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Should I Trek Chimpanzees or Gorillas on My Safari?

April 12, 2024  By: Gretchen

Many people planning a safari want to include the chance to trek primates as one of their activities. Choosing between a trek to see mountain gorillas and chimpanzees proves difficult for many travelers. We are here to help you understand the differences between and excitement of seeing each species.

adult gorilla

Mountain Gorillas

Africa’s mountain gorillas are found in only three countries: Uganda, Rwanda and the Democratic Republic of Congo (DRC). We do not operate safaris in DRC, but have decades of expertise in planning safaris to Uganda and Rwanda. While the mountain gorillas are considered endangered, conservation efforts have been very successful in not only maintaining but growing their population.

baby gorilla in tree

We believe spending time with these charismatic primates is one of the top highlights in the natural world. Our gorilla safaris will get you up close and personal with the gorillas, guided by an expert who spends time in the rainforest every day. Hiking to see the gorillas can range from quick and easy to long and challenging, but is always worth every step! Mountain gorillas live between 8,000 and 13,000 feet above sea level, so a reasonable level of fitness is required for trekking.

Kelly with silverback gorilla

Once you reach the gorillas, you’ll have the chance to spend time with them in their habitat as they forage, eat, play and groom one another, gaining an intimate glimpse into their family lives. Their behavior is generally peaceful as competing males evade one another and the apes have very long rest periods, making them relatively easy to observe. But even when resting, their huge size, intelligence and gentleness are evident.

boys with silverback gorilla

Both species are habituated to humans, though there are many necessary rules to observe including following your guide’s directions, keeping a recommended distance and masking when with the gorillas, as transmission of disease from humans to apes can easily occur. The hour you are allowed to spend with the gorillas goes by very quickly. We strongly recommend trekking at least two days on your safari.



Our favorite places for chimpanzee trekking are in remote Western Tanzania at Gombe Stream National Park and Mahale Mountains National Park, or in Uganda’s Kibale National Park and Kyambura Gorge in Queen Elizabeth National Park. Chimps can also be seen in Rwanda’s Nyungwe National Park and Gishwati Mukura National Park.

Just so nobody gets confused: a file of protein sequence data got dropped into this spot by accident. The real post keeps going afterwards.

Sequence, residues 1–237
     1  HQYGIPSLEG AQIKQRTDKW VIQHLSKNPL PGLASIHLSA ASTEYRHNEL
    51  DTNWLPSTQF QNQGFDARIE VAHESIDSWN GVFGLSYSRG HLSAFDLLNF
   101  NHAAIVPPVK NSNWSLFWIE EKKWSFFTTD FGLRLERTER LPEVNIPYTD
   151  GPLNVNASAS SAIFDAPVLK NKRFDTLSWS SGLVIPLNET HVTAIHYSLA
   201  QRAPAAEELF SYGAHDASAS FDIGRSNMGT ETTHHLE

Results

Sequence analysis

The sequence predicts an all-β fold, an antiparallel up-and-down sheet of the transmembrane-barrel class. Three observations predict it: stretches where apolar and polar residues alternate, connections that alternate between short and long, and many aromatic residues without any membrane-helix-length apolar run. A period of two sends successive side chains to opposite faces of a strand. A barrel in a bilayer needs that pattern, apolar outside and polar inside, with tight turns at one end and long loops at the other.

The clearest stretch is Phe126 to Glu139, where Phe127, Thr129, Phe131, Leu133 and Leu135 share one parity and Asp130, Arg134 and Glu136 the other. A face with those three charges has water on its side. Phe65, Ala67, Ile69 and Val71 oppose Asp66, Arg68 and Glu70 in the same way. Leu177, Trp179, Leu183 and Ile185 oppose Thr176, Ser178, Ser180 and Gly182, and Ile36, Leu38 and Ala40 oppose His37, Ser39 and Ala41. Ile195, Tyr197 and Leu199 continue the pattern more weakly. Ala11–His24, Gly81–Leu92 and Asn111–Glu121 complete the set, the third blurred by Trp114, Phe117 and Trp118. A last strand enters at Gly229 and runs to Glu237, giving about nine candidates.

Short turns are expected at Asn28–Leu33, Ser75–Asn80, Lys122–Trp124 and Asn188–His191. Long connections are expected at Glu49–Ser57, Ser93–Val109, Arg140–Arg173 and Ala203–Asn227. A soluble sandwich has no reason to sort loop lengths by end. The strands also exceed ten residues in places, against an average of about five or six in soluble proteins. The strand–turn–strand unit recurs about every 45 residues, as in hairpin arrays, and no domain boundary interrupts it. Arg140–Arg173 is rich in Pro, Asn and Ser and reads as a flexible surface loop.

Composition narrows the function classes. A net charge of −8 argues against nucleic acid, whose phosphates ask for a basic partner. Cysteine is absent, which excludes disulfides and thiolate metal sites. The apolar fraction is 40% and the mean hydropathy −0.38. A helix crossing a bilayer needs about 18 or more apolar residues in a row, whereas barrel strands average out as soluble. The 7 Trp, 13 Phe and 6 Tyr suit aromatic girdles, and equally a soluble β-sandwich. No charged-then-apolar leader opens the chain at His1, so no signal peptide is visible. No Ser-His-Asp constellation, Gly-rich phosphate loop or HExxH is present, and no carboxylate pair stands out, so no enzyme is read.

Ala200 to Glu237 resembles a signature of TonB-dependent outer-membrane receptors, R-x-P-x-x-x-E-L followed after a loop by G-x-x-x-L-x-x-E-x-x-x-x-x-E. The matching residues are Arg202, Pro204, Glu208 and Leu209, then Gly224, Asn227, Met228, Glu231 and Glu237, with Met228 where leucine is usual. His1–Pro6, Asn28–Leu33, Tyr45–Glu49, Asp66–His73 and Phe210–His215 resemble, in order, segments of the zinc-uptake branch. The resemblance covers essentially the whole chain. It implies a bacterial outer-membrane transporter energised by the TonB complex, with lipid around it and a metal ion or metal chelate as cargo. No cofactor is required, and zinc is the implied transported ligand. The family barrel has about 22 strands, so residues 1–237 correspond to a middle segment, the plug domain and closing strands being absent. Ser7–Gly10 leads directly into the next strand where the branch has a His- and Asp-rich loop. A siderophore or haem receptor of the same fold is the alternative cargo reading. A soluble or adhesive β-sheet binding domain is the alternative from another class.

chimpanzee up close

Chimpanzee trekking can range from gentle and undulating terrain to steep gorge and mountain climbs depending on where you choose to trek. As with gorilla trekking, you will be guided by an expert who spends most every day in the forest with the chimps and who has expertise on finding the apes, as well as their behavior. They will also be able to point out other interesting forest species.

chimpanzee in tree

Chimpanzee behavior is very different than that of the mountain gorillas. Much smaller than their gorilla cousins but incredibly strong and agile, chimps are often more active and boisterous than gorillas. Chimps are fiercely defensive of their territories and can experience frequent conflict with rival troops. They feed in the cooler parts of the day – early morning and evening – and can move quickly both on the ground and through the trees as they forage during these hours. While their diet is primarily vegetarian, they do eat insects and meat, hunting other primate species. They will often rest during the heat of the day, making them a bit easier to observe.

taking picture of chimpanzee

As with anything in nature, primate sightings are never guaranteed, though the odds for both apes are excellent. Permits are required to trek both gorillas and chimpanzees and are available in limited numbers each day, so booking well in advance is essential.

gorilla in leaves

Are you still having a hard time deciding whether to see gorillas or chimpanzees on your safari? Do both! The geography of East Africa, along with flight availability, make combining these two activities simple and the chance to observe both primate species in one trip is nothing short of remarkable. Be sure to ask about booking a chimpanzee or gorilla habituation experience if you would like the chance to spend even longer with the primates on your safari. Adding on a traditional safari or a beach extension to your primate experience is also quite easy.

chimps in grass

If you are ready for your own African primate trekking experience, contact one of our Journey Specialists to start planning your customized adventure and keep in touch by subscribing to our newsletter below.


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Photos courtesy Kym Illman, AAC Journey Specialist & Safari Concierge Nell Pollak, AAC President Kent Redding, AAC Marketing Director Beth McCabe and AAC Journey Specialist Diana Garcia Hernandez